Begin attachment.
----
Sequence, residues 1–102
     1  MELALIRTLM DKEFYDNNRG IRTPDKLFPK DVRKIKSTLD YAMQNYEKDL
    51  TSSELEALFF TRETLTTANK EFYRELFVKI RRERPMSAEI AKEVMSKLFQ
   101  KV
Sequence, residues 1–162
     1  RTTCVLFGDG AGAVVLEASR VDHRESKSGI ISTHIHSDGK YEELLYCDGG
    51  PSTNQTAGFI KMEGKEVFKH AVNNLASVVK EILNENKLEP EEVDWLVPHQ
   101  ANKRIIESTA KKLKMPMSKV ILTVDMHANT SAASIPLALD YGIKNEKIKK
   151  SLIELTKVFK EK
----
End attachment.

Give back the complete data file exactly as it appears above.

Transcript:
Sequence, residues 1–102
     1  MELALIRTLM DKEFYDNNRG IRTPDKLFPK DVRKIKSTLD YAMQNYEKDL
    51  TSSELEALFF TRETLTTANK EFYRELFVKI RRERPMSAEI AKEVMSKLFQ
   101  KV
Sequence, residues 1–162
     1  RTTCVLFGDG AGAVVLEASR VDHRESKSGI ISTHIHSDGK YEELLYCDGG
    51  PSTNQTAGFI KMEGKEVFKH AVNNLASVVK EILNENKLEP EEVDWLVPHQ
   101  ANKRIIESTA KKLKMPMSKV ILTVDMHANT SAASIPLALD YGIKNEKIKK
   151  SLIELTKVFK EK